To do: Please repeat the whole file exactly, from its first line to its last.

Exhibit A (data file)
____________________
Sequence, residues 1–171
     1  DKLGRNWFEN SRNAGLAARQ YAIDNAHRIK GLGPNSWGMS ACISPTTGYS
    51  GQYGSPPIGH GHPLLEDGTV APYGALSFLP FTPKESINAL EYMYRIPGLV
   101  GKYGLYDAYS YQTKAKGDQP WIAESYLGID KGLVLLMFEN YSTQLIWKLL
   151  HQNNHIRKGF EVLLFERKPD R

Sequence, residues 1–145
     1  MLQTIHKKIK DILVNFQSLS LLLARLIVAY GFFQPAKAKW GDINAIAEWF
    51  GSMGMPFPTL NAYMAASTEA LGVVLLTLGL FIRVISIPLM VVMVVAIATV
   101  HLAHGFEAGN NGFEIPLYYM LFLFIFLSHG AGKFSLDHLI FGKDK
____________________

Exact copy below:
Sequence, residues 1–171
     1  DKLGRNWFEN SRNAGLAARQ YAIDNAHRIK GLGPNSWGMS ACISPTTGYS
    51  GQYGSPPIGH GHPLLEDGTV APYGALSFLP FTPKESINAL EYMYRIPGLV
   101  GKYGLYDAYS YQTKAKGDQP WIAESYLGID KGLVLLMFEN YSTQLIWKLL
   151  HQNNHIRKGF EVLLFERKPD R

Sequence, residues 1–145
     1  MLQTIHKKIK DILVNFQSLS LLLARLIVAY GFFQPAKAKW GDINAIAEWF
    51  GSMGMPFPTL NAYMAASTEA LGVVLLTLGL FIRVISIPLM VVMVVAIATV
   101  HLAHGFEAGN NGFEIPLYYM LFLFIFLSHG AGKFSLDHLI FGKDK